The New York Times ran an article this week contrasting real life police work with TV police work. After police-involved shootings, cops are often asked why they didn’t just shoot the weapon-wielding perpetrator in the hand or leg. Indeed, New York State Assembly Members Annette Robinson (D-Brooklyn) and Darryl Towns (D-Brooklyn) actually sponsored a bill earlier this year requiring police to shoot to wound if possible.
Two recent police shootings in New York City actually did result in shots to the legs which stopped a deranged man with a knife and a guy shooting at police respectively. However, as the article notes, this was more by accident than by design.
In fact, in the Thursday case at Pennsylvania Station, a second bullet fired by the officer missed the knife-wielding man and went flying into the pavement near the shooting scene.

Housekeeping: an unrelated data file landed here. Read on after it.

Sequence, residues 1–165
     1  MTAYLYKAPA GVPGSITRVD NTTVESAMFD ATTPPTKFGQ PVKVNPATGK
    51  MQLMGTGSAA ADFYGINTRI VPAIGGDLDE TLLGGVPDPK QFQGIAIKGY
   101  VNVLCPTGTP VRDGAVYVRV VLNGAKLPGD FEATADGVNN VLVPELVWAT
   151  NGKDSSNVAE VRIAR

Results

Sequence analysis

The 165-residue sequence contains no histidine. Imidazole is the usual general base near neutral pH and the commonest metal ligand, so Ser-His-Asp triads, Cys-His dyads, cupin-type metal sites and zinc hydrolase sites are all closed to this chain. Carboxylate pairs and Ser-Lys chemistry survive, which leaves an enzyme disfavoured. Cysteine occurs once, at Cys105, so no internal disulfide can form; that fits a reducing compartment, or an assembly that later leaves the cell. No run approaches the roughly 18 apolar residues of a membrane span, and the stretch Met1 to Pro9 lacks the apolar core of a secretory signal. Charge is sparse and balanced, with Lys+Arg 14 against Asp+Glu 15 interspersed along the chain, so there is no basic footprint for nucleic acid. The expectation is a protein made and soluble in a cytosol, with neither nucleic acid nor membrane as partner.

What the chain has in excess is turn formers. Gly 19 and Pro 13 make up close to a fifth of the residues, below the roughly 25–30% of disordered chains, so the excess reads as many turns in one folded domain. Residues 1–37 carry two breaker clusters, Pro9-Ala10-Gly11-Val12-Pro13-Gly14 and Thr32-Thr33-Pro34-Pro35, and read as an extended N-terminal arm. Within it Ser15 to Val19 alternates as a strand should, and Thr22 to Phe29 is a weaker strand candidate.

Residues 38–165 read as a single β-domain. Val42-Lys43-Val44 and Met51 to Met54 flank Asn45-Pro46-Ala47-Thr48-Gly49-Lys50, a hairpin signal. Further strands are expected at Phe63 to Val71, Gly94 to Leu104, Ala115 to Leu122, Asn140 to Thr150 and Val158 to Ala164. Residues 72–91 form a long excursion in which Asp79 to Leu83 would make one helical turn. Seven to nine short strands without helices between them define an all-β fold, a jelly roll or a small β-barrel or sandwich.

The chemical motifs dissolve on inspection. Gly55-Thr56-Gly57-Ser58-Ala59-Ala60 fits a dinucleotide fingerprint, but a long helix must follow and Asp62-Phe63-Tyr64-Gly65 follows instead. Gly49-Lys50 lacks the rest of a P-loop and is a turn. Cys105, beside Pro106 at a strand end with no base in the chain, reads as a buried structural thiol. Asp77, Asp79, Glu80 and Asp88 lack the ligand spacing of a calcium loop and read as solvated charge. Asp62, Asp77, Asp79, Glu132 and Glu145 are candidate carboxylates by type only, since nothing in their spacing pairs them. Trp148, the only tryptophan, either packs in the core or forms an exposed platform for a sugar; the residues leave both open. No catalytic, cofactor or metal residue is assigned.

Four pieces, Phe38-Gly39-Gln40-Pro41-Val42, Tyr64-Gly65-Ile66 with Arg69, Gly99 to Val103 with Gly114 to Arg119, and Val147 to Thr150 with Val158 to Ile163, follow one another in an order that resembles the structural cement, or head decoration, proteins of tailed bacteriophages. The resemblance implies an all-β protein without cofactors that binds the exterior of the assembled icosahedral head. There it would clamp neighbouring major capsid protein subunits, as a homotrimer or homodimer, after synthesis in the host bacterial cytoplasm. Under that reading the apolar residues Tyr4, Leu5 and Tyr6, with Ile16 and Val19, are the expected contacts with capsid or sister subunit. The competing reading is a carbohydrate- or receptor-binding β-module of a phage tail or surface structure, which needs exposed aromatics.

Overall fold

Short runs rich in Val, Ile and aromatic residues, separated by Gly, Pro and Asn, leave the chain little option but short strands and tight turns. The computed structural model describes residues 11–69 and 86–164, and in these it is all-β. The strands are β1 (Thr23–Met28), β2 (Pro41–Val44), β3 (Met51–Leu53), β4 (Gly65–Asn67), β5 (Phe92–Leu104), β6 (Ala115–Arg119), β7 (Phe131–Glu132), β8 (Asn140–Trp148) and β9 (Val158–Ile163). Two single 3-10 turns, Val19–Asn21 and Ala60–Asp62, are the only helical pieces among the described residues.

Police officers, the article notes, are trained to shoot to stop the criminal by going for center of mass.
John C. Cerar, a retired deputy inspector who was the commander of the Police Department’s firearms training section, said officers are taught to shoot at center mass — which means the “head and torso” of a suspect like a man armed with a gun.
“You can’t just shoot to aim for a leg or an arm; it just doesn’t work,” Mr. Cerar said. “You are trying to hit the biggest part to the target, to stop the actions of the person using, or attempting, deadly physical force.”
He paused and added, “Annie Oakley does not exist.”
It is interesting to see the difference in reporting in the Times. The guy who covers the police beat recognizes the reality of the confusion, fear, and excitement inherent in violent encounters. Those who usually pen the editorials which involve firearms don’t have a clue. At least somebody at the Times gets it.